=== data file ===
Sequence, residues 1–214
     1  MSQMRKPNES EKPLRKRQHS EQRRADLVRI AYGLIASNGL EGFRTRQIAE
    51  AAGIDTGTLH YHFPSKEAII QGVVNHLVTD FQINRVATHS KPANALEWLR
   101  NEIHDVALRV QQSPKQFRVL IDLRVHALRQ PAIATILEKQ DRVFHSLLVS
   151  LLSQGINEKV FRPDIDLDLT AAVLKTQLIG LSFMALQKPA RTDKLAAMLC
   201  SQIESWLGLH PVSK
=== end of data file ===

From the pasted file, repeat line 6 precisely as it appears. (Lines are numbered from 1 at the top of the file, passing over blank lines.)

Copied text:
   201  SQIESWLGLH PVSK